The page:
Acuña has not been in one place long enough to find a routine or establish himself. Routines are a big part of the game. You hear it all the time from pitchers. When talking about, or analyzing Ronald Acuña’s 2017 and his early 2018, you have to remember that he played at three levels last year. All completely different levels in any regard. There was hardly any time for either Acuña or the league for that matter, to adequately acclimate. This slow start in 2018 could be showing not only Braves, but also Acuña that maybe, he isn’t quite ready. He’s close, really close, but just not there yet.
Ken: That’s certainly one way to look at it, and I think the argument you are making is exactly the argument that the Braves front office will use, should Acuña and his agent choose to file a grievance for service time manipulation. That being said, Mike Trout, Ken Griffey, Andruw Jones, Bo Jackson, Frank Thomas, Trevor Bauer, and Kirby Puckett didn’t have any trouble shooting through the minors and making a big league team while finding their routines and rhythms. Heck, Bob Horner is one of many who skipped the minors all together, and he hit a homer in his very first at bat. As to struggling, after being called up, even Mike Trout struggled a bit to make the major league adjustment, but I don’t think anyone was complaining about it.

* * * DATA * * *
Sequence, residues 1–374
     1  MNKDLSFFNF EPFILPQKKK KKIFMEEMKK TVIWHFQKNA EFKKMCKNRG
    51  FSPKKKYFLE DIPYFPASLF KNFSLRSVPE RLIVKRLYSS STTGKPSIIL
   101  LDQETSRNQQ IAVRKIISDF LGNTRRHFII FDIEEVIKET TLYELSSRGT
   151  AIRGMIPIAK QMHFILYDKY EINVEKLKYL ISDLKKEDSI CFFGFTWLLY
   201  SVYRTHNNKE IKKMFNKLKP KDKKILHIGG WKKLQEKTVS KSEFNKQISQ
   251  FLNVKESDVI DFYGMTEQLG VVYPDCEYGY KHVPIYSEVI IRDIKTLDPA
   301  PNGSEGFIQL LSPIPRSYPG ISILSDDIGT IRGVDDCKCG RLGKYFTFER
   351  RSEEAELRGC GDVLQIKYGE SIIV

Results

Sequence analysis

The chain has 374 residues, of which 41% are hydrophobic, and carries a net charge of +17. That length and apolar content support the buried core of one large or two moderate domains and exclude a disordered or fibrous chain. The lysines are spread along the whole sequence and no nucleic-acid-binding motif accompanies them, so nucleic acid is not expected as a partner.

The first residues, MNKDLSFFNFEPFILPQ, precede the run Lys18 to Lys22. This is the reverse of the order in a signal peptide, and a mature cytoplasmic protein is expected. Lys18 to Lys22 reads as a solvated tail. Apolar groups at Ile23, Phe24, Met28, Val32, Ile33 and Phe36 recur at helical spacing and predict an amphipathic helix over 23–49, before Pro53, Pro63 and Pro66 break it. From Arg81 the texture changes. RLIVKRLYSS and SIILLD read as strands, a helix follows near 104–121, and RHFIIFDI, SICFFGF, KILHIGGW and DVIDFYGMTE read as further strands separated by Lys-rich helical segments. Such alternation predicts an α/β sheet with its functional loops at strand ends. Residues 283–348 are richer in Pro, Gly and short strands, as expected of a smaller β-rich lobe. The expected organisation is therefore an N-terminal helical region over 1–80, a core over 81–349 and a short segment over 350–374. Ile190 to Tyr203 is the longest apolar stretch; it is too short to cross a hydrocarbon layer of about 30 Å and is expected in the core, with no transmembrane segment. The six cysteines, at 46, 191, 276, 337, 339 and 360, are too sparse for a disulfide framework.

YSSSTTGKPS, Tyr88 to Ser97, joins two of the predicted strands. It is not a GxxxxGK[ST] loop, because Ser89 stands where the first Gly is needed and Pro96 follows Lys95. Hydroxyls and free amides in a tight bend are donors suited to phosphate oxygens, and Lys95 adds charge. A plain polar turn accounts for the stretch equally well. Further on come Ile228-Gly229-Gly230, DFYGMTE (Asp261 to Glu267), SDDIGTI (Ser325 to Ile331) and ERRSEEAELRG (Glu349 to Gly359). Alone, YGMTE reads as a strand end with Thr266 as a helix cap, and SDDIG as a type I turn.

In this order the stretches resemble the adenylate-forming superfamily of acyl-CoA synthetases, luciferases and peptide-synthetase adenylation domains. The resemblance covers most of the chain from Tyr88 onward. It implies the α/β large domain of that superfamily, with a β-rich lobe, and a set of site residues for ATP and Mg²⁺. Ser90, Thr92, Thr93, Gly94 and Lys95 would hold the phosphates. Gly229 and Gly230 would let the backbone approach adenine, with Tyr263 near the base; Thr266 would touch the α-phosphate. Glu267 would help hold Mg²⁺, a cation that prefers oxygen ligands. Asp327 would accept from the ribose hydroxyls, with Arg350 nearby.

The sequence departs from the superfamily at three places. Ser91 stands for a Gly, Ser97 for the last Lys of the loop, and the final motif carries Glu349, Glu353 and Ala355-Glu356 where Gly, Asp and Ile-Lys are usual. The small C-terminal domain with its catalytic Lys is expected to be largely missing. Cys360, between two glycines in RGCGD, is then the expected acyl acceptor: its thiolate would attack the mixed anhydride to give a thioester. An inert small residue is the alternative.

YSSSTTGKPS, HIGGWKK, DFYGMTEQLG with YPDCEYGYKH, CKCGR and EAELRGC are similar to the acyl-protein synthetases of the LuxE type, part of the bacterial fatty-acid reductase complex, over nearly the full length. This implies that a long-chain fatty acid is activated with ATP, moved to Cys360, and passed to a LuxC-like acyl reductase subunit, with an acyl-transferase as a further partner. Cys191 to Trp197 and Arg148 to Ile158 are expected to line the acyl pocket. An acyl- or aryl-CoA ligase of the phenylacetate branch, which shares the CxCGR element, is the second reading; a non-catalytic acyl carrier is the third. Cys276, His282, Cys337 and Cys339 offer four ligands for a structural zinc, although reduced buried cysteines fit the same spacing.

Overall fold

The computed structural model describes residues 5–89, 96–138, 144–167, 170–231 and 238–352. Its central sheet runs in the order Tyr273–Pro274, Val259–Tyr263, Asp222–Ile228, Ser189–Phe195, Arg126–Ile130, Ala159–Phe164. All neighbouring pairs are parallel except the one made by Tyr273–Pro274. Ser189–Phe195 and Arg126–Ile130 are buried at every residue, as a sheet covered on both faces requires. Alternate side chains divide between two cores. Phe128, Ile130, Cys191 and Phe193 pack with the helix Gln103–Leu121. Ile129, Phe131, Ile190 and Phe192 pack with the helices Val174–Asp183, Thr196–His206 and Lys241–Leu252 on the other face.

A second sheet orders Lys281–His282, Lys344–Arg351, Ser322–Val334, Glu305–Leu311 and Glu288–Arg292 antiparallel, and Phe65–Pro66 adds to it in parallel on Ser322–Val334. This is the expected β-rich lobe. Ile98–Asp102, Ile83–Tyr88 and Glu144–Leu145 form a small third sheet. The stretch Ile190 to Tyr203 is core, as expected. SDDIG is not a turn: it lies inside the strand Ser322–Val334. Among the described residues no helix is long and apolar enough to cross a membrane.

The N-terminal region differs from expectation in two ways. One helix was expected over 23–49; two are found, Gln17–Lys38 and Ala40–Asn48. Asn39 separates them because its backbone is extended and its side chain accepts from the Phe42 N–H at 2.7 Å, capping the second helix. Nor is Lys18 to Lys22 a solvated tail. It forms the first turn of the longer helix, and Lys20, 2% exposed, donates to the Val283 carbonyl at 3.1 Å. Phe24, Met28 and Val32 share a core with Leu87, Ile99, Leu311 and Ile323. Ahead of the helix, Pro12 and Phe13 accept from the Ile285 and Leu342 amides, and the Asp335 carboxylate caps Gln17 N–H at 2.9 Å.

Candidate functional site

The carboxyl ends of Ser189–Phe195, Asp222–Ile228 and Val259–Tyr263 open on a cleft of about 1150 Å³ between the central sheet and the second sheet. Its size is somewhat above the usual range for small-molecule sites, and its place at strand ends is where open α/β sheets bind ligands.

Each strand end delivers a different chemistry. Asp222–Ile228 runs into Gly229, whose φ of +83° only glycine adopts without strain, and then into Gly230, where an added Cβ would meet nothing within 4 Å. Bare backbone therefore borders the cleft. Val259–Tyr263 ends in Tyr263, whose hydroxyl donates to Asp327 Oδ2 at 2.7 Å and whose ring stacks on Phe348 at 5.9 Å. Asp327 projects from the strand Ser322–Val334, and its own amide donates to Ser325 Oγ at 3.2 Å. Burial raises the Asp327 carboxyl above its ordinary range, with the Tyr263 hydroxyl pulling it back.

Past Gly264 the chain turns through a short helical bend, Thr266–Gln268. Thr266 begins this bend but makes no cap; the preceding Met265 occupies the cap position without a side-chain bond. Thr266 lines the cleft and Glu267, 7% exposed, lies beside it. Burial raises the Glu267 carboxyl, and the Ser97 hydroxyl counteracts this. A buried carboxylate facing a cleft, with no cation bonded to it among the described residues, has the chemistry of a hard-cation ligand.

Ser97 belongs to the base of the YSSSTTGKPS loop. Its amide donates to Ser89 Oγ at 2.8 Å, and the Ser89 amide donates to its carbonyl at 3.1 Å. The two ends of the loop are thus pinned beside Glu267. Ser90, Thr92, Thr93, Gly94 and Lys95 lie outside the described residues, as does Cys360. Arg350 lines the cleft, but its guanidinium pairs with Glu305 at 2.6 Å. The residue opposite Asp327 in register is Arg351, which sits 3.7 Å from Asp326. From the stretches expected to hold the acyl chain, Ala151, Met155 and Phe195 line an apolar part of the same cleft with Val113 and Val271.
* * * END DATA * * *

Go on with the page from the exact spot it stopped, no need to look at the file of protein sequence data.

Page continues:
But to your point Dan, it wasn’t that long ago that a large contingent of fans were freaking out about Dansby Swanson having a down year after being called up “too early”. Yet another reason that the Braves can use to validate their decision to keep him down. They don’t need the next ‘face of the franchise’ to struggle, the way many of even the biggest stars do, and once again be facing the persistent allegations of fans who believe they moved “too fast”.
The truth is, Dan isn’t wrong at all, but I think the reverse argument can weigh just as heavily. Get the kid up, he proved in the spring he was ready, there is no reason to wait… unless you’re worried about the organization taking a shot from national writers when their reputation is already in the mud.
Dan: I’m not saying Acuña won’t make his debut this year, but I think there is some merit to him never really getting settled at any level last year long enough, to really know how he’d respond to any adversity. Acuña will be a superstar in this game, and for all intents and purposes, he may already be there. If he wants to make this Atlanta ball club, though, in 2018, he probably needs to prove that he can sustain his productivity for an extended amount of time.
Ken: By an extended amount of time, I’m thinking 3-5 days.
Dan: I mean, have we really seen enough to know how he would handle a slump yet? Pitching at the MLB level is nothing at all like the pitching in the minors, even at AAA. If he has trouble responding to the likes of International League pitching, how will he respond to the Scherzer’s, deGrom’s, Strasburg’s, and even Kershaw’s of Major League Baseball?